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Harry Cassin
Publisher and Editor

Andy Spalding
Senior Editor

Jessica Tillipman
Senior Editor

Bill Steinman
Senior Editor

Richard L. Cassin
Editor at Large

Elizabeth K. Spahn
Editor Emeritus

Cody Worthington
Contributing Editor

Julie DiMauro
Contributing Editor

Thomas Fox
Contributing Editor

Marc Alain Bohn
Contributing Editor

Bill Waite
Contributing Editor

Shruti J. Shah
Contributing Editor

Russell A. Stamets
Contributing Editor

Richard Bistrong
Contributing Editor

Eric Carlson
Contributing Editor

The trash pigs of Las Vegas are starving

A pig farm outside Las Vegas used to receive 20 tons of food waste a day from restaurants and casinos. But now the Strip is closed, and the farmers are struggling to keep their animals fed.

The farm – Las Vegas Livestock — has around 4,000 pigs, according to a local report. In a month, the owners of the farm think that without the Strip’s food waste, they’ll be down to 2,000 hogs. A crushing blow for the already thin margins farmers operate in.

As the coronavirus pandemic continues to spread deeper into communities, the ripples grow increasingly wide. Businesses and lives that seem far removed from government shelter-in-place orders are acutely affected by the intertwined system of commerce we call the economy.

It doesn’t seem right that the Las Vegas Strip should ever churn out over 20 tons of food waste per day — that’s an unimaginable amount, even in boom times. But who wants local pig farmers to go out of business?

The pig farm’s predicament isn’t strictly a compliance problem. But it demonstrates what happens when there’s a big disturbance in the economy. As Warren Buffet said in a 2004 letter to investors, “Only when the tide goes out do you discover who’s been swimming naked.”

The economic tide is going out now because of the coronavirus crisis. Businesses, and the compliance professionals inside them, are going to be confronted with a multitude of tough decisions. Some of those decisions will result in lost jobs and even lost companies.

Every compliance pro knows the dilemmas when business needs collide with ethical issues. Should we reduce food waste, or do we keep supporting local farms? Who better to lead a discussion like that than a compliance officer?

The first priority for a compliance professional might be a mandate to help their company comply with legislation and regulations. That’s the technical side of the job. But many people in the compliance industry I’ve talked to view what they do as more than that. It’s also an ethical calling — looking at what’s best for individuals, companies, and societies.

As the ripples from the coronavirus pandemic tear through economies the world over, it’s going to be tough, for sure. Should we reduce food waste, or do we keep supporting the local pig farmers?

Just by asking the right questions and helping focus the coming discussion on both business and ethics, compliance professionals can help shape a more thoughtful future.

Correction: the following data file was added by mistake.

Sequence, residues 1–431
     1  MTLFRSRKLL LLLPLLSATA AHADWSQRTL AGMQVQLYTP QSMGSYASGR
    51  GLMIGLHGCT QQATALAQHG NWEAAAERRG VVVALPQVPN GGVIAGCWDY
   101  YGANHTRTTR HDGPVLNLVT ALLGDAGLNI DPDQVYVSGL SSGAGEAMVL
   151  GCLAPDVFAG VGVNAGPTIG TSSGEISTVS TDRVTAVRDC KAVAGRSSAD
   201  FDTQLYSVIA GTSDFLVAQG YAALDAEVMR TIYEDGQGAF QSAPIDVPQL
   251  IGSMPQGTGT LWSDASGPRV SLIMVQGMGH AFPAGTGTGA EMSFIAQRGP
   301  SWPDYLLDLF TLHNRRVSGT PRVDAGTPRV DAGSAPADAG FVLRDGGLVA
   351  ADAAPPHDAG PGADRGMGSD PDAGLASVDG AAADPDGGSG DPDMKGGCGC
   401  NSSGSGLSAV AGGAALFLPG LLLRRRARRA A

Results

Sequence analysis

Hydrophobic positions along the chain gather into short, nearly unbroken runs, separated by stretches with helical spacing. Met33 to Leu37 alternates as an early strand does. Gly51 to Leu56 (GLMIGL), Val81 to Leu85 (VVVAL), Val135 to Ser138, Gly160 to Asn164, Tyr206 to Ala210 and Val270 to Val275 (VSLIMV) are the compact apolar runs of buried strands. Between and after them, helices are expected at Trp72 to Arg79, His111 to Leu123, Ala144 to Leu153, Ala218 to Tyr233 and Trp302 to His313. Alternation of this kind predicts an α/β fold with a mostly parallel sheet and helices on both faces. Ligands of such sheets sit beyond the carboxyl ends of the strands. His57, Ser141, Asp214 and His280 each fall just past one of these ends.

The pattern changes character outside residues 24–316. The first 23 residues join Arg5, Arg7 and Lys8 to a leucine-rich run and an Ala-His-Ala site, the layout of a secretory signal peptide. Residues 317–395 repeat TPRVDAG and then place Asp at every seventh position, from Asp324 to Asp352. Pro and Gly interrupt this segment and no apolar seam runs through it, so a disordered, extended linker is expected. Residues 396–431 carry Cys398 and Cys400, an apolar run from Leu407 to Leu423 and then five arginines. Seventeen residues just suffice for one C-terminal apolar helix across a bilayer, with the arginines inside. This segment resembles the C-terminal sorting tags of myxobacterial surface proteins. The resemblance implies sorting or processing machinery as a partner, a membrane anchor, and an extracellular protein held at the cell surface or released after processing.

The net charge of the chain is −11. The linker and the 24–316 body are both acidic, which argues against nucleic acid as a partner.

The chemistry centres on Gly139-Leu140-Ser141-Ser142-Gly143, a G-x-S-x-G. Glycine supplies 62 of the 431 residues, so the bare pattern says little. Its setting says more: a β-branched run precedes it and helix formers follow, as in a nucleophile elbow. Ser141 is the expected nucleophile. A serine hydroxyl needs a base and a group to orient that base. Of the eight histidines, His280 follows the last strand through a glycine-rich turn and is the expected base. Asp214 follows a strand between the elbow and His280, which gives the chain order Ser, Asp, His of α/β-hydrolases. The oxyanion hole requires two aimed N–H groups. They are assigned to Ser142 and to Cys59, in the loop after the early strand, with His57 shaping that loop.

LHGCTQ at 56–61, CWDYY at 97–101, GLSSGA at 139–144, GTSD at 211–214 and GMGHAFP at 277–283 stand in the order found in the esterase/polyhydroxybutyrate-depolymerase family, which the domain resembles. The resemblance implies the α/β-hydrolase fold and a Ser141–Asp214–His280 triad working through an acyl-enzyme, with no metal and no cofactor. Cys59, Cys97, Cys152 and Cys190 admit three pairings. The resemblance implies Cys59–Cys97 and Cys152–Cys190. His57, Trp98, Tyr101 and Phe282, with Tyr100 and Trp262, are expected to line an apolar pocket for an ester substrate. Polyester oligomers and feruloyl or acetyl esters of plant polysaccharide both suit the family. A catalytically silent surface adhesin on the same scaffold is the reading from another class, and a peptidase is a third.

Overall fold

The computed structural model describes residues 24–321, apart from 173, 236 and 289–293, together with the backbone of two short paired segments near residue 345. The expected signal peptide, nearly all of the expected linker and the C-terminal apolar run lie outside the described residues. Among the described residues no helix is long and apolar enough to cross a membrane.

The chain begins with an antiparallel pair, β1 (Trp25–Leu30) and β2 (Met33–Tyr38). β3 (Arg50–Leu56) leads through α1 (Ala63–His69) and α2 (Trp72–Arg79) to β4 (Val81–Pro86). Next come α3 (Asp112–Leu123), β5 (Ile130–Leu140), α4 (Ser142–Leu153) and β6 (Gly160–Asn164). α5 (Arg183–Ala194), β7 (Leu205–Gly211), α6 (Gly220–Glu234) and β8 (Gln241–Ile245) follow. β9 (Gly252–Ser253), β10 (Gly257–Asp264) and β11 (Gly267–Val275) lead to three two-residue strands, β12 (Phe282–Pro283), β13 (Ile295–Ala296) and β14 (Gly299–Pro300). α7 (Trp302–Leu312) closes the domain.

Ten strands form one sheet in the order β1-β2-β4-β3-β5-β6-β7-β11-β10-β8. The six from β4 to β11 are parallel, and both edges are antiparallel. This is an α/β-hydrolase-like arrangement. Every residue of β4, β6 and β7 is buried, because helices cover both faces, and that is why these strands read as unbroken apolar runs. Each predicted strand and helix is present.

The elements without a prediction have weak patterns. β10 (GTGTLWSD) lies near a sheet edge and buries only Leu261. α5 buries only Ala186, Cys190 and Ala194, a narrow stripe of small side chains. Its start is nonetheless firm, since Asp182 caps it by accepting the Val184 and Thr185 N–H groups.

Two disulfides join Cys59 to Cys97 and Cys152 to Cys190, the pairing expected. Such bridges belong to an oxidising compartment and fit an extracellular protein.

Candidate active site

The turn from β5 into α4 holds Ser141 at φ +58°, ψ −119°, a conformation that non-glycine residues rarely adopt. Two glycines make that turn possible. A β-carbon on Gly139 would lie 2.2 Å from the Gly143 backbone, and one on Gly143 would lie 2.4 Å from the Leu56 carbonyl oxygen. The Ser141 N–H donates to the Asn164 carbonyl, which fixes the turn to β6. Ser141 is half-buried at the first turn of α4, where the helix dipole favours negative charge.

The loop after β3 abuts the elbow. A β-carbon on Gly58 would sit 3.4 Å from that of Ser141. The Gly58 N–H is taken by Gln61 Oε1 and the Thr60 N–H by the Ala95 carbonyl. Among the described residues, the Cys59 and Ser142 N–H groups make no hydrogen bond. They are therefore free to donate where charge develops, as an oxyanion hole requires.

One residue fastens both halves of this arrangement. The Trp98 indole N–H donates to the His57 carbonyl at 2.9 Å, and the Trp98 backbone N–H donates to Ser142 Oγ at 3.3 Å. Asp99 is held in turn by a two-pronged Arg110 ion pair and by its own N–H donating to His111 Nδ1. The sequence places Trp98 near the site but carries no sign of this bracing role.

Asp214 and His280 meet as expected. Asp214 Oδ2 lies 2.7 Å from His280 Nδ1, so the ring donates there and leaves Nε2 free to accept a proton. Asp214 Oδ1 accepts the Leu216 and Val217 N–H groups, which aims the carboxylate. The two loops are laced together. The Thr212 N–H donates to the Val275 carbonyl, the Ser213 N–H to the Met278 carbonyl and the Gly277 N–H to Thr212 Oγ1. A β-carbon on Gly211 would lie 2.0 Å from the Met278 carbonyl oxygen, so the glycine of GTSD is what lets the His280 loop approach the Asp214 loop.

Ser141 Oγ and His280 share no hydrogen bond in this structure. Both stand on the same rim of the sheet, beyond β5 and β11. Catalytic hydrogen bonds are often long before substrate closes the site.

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  1. What a great story that presents some of the other aspects that a devastation such COVID-19 has on all aspects of life. Our world has become so complex. One man’s trash is another man’s (or at least his pig’s) livelihood. While the story is not directly compliance-related it does speak to the compliance and ethics of people everywhere. If we all do the right thing (that the ethical part) and follow the rules in place (there is the compliance) we will get through this with the least amount of pain and suffering and loss of life that we can. For those who have individually decided the rules do not apply to them (the bad apples in the barrel), re-think it. Surely by now everyone can see that non-compliance will only extend and intensify the measures that have been put in place.

    • Good morning, we do have some compliant issues, we are the only farm in the State of Nevada permitted to raise livestock on food scraps. We are randomly inspected throughout the year.

  2. Thank you for helping tell our story! However we do not refer to our hogs as “Trash pigs”. We raise our hogs humanely and process the food scraps so they are nutritious for our pigs to produce high quality pork. Thanks again and be safe!

  3. Thank you Harry for your great story.

    The shut down of restaurants in Istanbul (where I am now to take care of my mom during this coronavirus pandemic) which fed the street cats and dogs as well as seagulls and birds has been replaced by good samaritans in every neighborhood who are putting out food for them during this coronavirus shut down.

    Perhaps naked swimming can be avoided as you say in your article by ethical, humane behavior looking at what’s best for individuals, animals, environment, companies, societies, countries and the world. So when a tsunami hits– like the coronavirus pandemic which is spreading around the world in a border blind fashion– we are not exposed to the naked bodies of those who don’t know how to hedge.

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